View Full Version : Shelters vs Bugs...

02-14-2003, 15:07
I have been planning to use both a tent and shelters along the trail. Up 'till now I didn't even think about bug issues.

With a tent this is not an issue, but when staying in shelters, I have to assume they can become quite annoying. Seems like a waste to bring along some sort of bug net that I don't need when using the tent. Maybe I should just switch to a tarp err... I mean Hammock.:)

Assuming a NB trip, when will we begin to run into annoying bugs (biting flies and mosquitos)? I wouldn't think until mid-to-late May. But June, July and August are probably going to suck.

02-14-2003, 15:11
Bugs became an issue for me as I approached Shenandoah national Park just before memorial Day weekend. Little gnats with an uncanny ability to land IN your eyes. Mosquitoes reared their ugly head in PA and were worst in MA in late June. hankfully the black flies were gone (for the most part) by the time I reached the White Mountains in Mid-July.

02-14-2003, 15:16
Thanks. When did you leave springer?

02-14-2003, 15:21
Started March 7 2000 at Springer. Finished August 21 2000 on Special K.

The bug situation will vary based upon the amount of precipitation. So.... your experience could be different than mine.

02-14-2003, 16:07
Spring 2001 had a warm spell. The biting bugs were out in NC. Ran into some serious biting gnat type bugs just before we got to Fontana. Weather cooled down and they seemed to go away. So as TNJED says... depends on the year.

Papa Bear
02-14-2003, 21:17
A head net, which weighs nothing, should be a must. It saved my butt hiking in July in the Whites (S. and N. Kinsman) and in April in Massachusetts (I was sectioning around for about 3 months last year).

For sleeping in a shelter I used it once but it was too hot. I should have got out and pitched the tent.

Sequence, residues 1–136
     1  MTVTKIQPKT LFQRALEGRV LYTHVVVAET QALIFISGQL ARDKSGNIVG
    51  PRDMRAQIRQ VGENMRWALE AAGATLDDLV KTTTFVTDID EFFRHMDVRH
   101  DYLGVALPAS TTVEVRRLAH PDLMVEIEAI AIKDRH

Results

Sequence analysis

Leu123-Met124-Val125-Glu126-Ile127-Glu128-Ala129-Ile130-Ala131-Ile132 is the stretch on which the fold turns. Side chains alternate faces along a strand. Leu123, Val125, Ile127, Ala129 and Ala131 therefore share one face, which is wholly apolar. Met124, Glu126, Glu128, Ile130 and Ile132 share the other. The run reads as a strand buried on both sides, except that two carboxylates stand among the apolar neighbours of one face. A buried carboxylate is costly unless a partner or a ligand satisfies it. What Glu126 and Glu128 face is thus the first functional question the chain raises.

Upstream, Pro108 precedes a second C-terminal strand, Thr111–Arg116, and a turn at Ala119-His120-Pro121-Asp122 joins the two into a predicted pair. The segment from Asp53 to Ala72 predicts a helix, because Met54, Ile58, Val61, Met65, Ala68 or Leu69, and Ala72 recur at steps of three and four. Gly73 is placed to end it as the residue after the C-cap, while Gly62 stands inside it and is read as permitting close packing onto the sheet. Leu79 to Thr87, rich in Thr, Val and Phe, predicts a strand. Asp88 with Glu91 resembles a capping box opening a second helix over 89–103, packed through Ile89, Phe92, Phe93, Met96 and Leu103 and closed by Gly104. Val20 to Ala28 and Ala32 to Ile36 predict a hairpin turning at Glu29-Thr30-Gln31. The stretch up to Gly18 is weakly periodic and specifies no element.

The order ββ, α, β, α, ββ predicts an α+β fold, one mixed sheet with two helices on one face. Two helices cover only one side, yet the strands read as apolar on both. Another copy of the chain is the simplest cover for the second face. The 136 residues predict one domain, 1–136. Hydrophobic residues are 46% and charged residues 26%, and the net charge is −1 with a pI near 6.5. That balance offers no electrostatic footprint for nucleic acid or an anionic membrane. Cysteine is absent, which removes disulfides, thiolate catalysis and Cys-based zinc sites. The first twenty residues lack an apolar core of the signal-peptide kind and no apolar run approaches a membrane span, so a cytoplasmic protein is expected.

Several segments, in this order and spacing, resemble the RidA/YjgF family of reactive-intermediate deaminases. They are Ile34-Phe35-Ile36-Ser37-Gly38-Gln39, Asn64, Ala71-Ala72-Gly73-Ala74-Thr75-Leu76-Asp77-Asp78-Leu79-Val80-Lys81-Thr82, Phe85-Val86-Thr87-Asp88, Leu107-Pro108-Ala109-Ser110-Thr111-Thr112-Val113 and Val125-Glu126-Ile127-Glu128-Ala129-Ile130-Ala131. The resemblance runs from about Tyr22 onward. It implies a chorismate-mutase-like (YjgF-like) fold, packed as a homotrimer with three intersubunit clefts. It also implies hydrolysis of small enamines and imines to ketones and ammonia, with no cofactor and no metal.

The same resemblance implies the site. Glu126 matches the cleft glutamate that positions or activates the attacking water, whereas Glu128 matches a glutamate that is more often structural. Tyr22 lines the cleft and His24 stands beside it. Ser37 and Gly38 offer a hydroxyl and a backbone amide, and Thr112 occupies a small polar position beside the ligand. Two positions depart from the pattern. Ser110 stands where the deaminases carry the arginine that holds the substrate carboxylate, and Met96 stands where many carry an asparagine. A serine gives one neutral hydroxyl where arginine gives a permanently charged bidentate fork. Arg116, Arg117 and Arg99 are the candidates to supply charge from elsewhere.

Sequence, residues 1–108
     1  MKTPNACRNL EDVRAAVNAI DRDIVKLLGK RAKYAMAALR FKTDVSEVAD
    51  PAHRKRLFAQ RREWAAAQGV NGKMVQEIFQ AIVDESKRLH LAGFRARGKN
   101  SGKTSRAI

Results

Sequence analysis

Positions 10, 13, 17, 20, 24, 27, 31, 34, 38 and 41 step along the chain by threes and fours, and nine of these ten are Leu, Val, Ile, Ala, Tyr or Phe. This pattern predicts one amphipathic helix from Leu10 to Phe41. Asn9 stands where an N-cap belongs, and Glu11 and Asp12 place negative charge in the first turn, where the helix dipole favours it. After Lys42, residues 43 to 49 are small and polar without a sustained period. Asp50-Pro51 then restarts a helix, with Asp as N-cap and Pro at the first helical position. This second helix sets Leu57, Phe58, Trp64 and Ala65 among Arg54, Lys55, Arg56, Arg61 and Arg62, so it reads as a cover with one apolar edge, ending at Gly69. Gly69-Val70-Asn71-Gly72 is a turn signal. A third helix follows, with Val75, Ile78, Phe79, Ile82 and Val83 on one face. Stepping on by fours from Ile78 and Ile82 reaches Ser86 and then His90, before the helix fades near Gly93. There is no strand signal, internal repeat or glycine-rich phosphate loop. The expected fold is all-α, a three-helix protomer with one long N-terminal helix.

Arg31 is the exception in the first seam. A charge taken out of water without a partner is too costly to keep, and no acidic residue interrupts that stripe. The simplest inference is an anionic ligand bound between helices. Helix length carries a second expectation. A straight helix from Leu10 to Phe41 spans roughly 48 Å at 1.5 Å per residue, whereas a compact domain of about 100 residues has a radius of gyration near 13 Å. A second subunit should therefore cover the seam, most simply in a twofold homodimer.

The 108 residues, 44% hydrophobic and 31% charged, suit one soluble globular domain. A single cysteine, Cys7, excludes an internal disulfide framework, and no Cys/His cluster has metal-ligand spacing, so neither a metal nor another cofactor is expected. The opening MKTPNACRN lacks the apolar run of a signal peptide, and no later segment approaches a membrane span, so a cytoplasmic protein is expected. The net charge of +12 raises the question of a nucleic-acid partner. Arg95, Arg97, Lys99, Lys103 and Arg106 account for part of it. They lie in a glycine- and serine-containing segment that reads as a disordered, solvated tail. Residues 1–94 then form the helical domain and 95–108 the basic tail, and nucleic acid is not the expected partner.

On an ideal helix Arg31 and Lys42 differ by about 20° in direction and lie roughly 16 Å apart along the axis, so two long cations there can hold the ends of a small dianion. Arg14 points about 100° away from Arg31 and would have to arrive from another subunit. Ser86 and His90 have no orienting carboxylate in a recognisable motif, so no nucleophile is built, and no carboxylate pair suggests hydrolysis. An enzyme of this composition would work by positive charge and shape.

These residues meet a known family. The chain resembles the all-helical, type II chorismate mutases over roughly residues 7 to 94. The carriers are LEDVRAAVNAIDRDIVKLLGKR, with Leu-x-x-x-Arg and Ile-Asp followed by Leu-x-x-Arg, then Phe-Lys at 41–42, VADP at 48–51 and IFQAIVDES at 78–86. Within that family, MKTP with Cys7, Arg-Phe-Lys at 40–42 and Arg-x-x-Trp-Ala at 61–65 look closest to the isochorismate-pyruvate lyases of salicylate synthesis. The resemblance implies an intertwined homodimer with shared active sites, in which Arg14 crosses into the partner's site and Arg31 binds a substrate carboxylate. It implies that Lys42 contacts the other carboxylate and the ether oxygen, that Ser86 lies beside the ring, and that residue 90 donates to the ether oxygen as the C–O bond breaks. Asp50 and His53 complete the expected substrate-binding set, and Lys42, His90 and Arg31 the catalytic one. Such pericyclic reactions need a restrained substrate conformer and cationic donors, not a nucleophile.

Black fles are the worst and that's when I needed the head net.

Look into a bug bivy for sleeping. I was trying to sleep in a 30 degree bag and a head net and it was like 70 degrees so I almost suffocated.


Sleepy the Arab
02-14-2003, 21:53
I could deal with the little biting gnats that appeared around the Bryant Ridge Shelter area in Virginia. The mosquitoes I encountered in Connecticut though were the worst. I couldn't even eat my dinner at Skagti....Schagatico....er, those tentsites about 8 miles south of Kent. Pine Swamp Shelter was also brutal, but should be avaoided just because of the ripe, swamp-brewed water there.

02-16-2003, 15:54
We started March 5th, 2002. I remember bugs becoming a REAL issue as we hit the PA area...and they were out in full force and BRUTAL by New York. The little gnat things never bothered us as much as the mosquitos, but boy did those mosquitos suck. We were covered in bites, everywhere. We bought 100% deet spray and applied it to everything, and that seemed to be a pretty good deterrent while we were moving, but after mid-May, we didn't stay in shelters anymore, we camped in tents the entire remainder of the trip.

The bugs were more horrible than I could have imagined them being...they literally swarmed around some water areas and I remember them being particularly terrible in the field at the Franciscan friar place; Greymoor. I remember reading all this on trailplace before we left and thinking "yeah, but how bad can they be, really?" They are bad. REALLY. Our friends who were tarping bought those Bug-bivy things that don't have a floor but go over your head, leaving your body free; and said "they work, to a degree; but nothing works like a tent." :D

02-16-2003, 20:25
The guy at the backpackers store had some spray with "permethrin" in it. However, he said it was brutal stuff and warned strongly that you cannot let it get on your skin. It was for clothing only, but works at keeping the bugs off, especially when used with deet. Any experience with this or other sprays or laundry addatives?

02-17-2003, 01:41
Skeemer, you will find a discussion of permethin on Sgt Rocks website. http://hikinghq.net/forum/index.php?